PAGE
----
VCAP6-DCV Deploy (Beta)

I had the opportunity to take the VCAP6-DCV Deploy (Beta) exam last week.

The beta is still ongoing and costs $100 (regularly $400). A few notes:

It’s HOL based (HTML5 rather than RDP) so performance has improved quite a bit. But as expected, the vSphere Web Client is still quite laggy. The vSphere Client is still available, though some tasks must be completed through the vSphere Web Client.

Another improvement is that you can see the lab console and the instructions at the same time. But this posed a major issue with the screen resolution, in particular being able to see all of the vSphere Web Client.

CTRL and ALT are disabled, which you are warned about at the beginning of the exam. However, the exam does not warn you that the backspace key is also disabled. This irked me to no end throughout the test and slowed me down quite a bit when I was doing command line. (I don’t normally use the arrow key and then delete)

Copy and Paste does not work in the vSphere Web Client (another thing you are not warned about), only in the vSphere Client, PuTTY and Notepad++.

There are 27 questions, and the exam is 4 hours long. Ensure to pace yourself. If you get up to use the restroom mid-exam, the time will keep ticking down.

The content was decent, it stayed on track with the exam blueprint. I didn’t feel as rushed for time as with previous versions of the VCAP-DCA exam.

Here are a few other blogs that discuss the beta exam experience:

VCAP6-DTM Design (Beta)

Today I had the opportunity to sit the VCAP-DTM Design portion of the VCIX-DTM certification. A few notes to share:

– My biggest complaint by far is that there is no calculator. Make sure that you are comfortable with multiplication and division.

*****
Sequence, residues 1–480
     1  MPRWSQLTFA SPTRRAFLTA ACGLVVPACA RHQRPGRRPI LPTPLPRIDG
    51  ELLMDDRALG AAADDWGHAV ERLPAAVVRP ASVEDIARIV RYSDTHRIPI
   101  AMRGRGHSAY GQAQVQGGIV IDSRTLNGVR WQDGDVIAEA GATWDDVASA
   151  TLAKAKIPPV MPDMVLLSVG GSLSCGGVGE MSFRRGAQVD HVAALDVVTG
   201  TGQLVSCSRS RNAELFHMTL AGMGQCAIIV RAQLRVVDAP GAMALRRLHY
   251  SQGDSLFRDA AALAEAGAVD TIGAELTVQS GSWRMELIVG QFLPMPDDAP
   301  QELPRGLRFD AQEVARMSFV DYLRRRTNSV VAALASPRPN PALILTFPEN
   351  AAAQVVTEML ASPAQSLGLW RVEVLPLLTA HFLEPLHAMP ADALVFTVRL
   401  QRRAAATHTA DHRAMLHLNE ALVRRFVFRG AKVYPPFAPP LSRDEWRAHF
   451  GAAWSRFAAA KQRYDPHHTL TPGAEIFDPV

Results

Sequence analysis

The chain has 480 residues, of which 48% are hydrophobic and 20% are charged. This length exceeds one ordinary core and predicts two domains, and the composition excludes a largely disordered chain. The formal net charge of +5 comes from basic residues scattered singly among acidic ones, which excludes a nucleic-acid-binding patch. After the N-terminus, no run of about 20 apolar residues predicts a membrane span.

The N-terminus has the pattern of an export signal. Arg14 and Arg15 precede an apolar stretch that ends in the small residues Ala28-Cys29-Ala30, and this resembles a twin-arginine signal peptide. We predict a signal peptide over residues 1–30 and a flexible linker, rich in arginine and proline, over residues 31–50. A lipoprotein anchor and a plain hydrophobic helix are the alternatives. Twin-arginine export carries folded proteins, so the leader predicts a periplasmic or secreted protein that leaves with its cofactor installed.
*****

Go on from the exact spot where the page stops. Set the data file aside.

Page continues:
– No more multiple choice questions, all drag & drop and designs.

– Ensure that you are very comfortable with all components of the Horizon suite, to include VSAN, Mirage, and AppVolumes. Make sure you know ports as well.

– I felt like there was sufficient time. I’ve always felt that the hardest part of the VCAPs was the time limit but I finished this one with a lot of time still on the clock.

– Out of 38 questions, 10 of them were designs.

Good luck to all the test takers out there!

Book Review – “Mastering VMware vSphere Storage”

For a book titled “Master VMware vSphere Storage,” about 1/3 of the book is spent discussing other topics. Storage does not get directly discussed until 88 pages in and begins by discussing storage APIs. I can understand giving a brief overview of vSphere but a majority of the review should be focused on the storage protocols and storage architecture rather than beginning with storage APIs and storage profiles. Once the book finally delves into configuring, optimizing, and troubleshooting storage, it does a good job covering the topics…though out of order at times (i.e. discusses optimizing before how to configure storage). Many great screenshots and diagrams demonstrating the points of discussion. However, for a book written for vSphere 5.1 / 5.5, there are quite a few screenshots from the vSphere Client rather than the vSphere Web Client. Overall 3/5.


You can find the book here.

Standard vSwitch Port Scale

Reading through the documentation for vSphere 5.5 something caught my eye…thought I’d share:

“For hosts running ESXi 5.1 and earlier, you can configure the number of ports that are available on a standard switch as the requirements of your environment change. Each virtual switch on hosts running ESXi 5.1 and earlier provides a finite number of ports through which virtual machines and network services can reach one or more networks. You have to increase or decrease the number of ports manually according to your deployment requirements.

NOTE Increasing the port number of a switch leads to reserving and consuming more resources on the host.If some ports are not occupied, host resources that might be necessary for other operations remain locked and unused.

To ensure efficient use of host resources on hosts running ESXi 5.5, the ports of virtual switches are dynamically scaled up and down. A switch on such a host can expand up to the maximum number of ports supported on the host. The port limit is determined based on the maximum number of virtual machines that the host can handle.”

I learn something new every day!!